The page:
The New South Wales government is calling on people from a range of backgrounds to take part in the September council elections as part of a new campaign to increase diversity in local government.
Local government minister Shelley Hancock said the ‘Stand for Your Community – Diversity Counts’ campaign aimed to encourage Aboriginal and Torres Strait Islander people, members of multicultural communities, women, and young people to consider nominating for the elections.
“Strong and effective councils are those that reflect the diverse communities they serve. That’s why we must do all we can to encourage and empower people from diverse backgrounds to stand for their community,” she said on Sunday.
“There’s nothing more rewarding than serving in the level of government closest to the community.”
Women represent less than a third of NSW’s 1,293 councillors, and just 24 councillors identify as Aboriginal or Torres Strait Islander, according to state government figures from 2017. Linguistically diverse people make up just 8% of all councillors, despite more than one-quarter of households in NSW speaking a language other than English. In regard to age groups, under 30s are the most under-represented, with only 4% elected as councillors. Just 2.7% of councillors identify as having a disability.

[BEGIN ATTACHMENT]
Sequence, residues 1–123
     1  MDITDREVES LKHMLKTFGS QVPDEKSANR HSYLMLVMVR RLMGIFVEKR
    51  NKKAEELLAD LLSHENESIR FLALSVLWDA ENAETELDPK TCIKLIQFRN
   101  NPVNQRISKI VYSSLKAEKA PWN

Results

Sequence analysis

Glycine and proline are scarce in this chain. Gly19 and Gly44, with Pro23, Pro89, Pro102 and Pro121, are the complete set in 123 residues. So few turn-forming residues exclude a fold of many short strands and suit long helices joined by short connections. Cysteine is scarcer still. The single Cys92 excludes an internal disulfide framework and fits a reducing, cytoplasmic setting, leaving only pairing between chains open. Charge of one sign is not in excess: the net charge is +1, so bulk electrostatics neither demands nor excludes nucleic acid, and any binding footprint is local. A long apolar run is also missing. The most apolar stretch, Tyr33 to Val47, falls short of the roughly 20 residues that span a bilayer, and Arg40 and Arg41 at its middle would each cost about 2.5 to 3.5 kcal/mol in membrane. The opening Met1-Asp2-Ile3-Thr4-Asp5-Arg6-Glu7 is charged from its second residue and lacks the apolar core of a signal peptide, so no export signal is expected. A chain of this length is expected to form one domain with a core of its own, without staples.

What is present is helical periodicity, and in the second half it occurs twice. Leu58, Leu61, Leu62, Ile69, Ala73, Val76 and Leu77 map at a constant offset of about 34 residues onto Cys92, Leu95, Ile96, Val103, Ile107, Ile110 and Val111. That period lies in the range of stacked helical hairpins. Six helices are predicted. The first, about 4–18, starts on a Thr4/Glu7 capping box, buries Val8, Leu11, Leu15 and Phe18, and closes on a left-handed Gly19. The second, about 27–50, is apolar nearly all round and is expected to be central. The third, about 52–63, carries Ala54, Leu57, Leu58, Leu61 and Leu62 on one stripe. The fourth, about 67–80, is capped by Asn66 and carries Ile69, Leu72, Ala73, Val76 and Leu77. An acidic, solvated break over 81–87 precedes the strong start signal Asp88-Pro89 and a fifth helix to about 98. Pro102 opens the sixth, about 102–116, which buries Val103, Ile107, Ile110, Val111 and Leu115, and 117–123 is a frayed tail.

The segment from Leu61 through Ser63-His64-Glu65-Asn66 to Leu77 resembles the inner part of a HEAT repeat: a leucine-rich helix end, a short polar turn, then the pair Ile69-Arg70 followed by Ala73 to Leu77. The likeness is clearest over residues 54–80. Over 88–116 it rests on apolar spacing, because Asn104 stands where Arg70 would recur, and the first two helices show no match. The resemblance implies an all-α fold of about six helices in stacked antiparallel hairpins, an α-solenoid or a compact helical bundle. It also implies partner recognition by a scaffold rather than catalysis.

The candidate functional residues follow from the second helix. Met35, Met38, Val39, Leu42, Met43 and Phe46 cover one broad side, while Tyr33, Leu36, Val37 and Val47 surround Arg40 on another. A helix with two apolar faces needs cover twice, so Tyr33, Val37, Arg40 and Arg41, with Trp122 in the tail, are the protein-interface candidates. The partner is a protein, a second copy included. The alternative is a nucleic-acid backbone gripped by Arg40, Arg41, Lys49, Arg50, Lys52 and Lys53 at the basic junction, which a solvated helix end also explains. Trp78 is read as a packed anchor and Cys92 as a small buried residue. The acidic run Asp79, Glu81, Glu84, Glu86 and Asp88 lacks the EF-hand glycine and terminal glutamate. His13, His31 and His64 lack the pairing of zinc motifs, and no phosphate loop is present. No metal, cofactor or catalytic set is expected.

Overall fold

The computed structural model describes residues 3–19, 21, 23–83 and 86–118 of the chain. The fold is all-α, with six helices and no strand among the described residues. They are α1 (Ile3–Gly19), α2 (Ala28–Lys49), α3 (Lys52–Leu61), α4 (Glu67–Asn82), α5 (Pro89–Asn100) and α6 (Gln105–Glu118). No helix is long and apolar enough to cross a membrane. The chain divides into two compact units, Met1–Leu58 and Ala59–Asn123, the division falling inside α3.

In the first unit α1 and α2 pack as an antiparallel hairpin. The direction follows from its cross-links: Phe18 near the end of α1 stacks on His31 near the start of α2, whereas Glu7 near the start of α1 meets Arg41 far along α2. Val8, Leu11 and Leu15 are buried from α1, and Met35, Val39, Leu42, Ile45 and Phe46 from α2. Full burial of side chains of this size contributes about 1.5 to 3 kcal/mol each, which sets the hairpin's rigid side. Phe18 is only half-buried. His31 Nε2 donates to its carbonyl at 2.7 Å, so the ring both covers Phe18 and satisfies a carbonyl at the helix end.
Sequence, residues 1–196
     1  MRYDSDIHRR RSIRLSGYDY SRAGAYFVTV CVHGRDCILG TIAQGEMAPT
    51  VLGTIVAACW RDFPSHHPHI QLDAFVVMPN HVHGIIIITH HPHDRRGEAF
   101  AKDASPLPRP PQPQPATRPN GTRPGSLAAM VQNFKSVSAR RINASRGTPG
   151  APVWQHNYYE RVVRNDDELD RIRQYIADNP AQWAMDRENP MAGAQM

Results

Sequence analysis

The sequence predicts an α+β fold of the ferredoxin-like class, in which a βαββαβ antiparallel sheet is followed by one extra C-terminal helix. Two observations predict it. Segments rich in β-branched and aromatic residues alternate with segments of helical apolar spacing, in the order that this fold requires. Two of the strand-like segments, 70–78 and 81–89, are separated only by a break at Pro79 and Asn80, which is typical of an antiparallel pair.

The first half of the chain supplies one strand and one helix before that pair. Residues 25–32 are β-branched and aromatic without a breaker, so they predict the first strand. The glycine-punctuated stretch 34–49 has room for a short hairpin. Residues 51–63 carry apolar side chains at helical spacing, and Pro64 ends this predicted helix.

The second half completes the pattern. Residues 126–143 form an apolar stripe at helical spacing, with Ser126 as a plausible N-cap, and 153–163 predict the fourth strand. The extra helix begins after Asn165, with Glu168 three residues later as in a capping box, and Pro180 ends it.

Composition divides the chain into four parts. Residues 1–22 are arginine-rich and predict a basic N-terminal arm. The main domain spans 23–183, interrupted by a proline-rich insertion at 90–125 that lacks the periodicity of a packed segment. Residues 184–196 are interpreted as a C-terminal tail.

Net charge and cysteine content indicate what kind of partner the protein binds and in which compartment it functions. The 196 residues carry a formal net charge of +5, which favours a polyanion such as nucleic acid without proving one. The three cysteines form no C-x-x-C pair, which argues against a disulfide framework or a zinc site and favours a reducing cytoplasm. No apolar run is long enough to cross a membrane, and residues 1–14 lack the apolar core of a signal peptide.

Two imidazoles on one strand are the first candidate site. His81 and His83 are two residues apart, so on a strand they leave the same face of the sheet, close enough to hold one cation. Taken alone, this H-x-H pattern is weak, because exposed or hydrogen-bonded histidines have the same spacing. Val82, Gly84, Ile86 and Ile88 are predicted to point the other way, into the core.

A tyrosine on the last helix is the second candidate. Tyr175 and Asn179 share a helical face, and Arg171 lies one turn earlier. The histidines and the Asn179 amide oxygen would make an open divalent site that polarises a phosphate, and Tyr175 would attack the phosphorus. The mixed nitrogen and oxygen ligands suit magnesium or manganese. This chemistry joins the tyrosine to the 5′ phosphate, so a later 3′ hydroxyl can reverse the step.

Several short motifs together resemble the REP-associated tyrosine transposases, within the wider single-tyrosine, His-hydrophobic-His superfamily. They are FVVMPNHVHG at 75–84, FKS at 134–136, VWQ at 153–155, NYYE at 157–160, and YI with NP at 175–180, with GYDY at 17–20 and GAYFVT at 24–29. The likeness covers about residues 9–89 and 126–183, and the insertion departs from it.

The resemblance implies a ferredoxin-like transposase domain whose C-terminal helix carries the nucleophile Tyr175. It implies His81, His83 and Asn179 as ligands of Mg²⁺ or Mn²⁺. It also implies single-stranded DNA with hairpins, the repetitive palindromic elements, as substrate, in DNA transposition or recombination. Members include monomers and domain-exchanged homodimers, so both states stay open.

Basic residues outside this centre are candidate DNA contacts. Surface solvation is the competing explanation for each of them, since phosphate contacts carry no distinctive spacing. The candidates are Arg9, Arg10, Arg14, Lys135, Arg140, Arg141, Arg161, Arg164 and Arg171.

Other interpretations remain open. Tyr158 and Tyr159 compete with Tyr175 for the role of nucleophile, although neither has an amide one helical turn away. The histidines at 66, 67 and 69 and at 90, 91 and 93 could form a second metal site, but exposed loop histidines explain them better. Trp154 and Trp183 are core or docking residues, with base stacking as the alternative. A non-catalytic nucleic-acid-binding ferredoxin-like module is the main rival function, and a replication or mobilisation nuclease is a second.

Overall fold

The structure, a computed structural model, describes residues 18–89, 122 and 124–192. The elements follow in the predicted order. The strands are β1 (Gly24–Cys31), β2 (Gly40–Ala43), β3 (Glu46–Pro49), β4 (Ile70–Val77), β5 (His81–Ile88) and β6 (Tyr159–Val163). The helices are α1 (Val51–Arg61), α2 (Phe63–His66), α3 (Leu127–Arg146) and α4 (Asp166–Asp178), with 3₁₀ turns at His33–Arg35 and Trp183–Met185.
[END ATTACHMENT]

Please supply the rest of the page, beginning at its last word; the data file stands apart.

A social media campaign showcasing inspiring videos of current councillors from underrepresented groups will run for four weeks. Councillors Rachelle Harika (City of Canterbury Bankstown), Reena Jethi (The Hills Shire Council), Ben Mitchell (Maitland City Council) and Alfie Walker (Goulburn Mulwaree Council) feature in the campaign.
Harika was elected as a councillor in 2017 at the age of 23, while Mitchell was elected that same year at the age of 25, making him the youngest councillor in Maitland’s history. Jethi was the first Indian-born councillor elected to The Hills Shire Council, and in 2019 became the first Hindu deputy mayor of the council. Finally, Walker is a proud Yuin and Wiradjuri man and an Aboriginal leader in his local community. He was elected in 2012 and later served as deputy mayor.
The Office of Local Government has also launched an online training tool and new guides for aspiring councillors, including on running for election, and roles and responsibilities, Local Government NSW president councillor Linda Scott noted.
“If you have a strong sense of community and are keen to make a difference in your local neighbourhood, you should nominate yourself for the upcoming Local Government Elections,” she said.
“Local government offers an exciting and rewarding career working with local residents and businesses and making a real difference to your local community.”
Election day will be held on Saturday, September 4. Candidate nominations will be open from July 26 to August 4.
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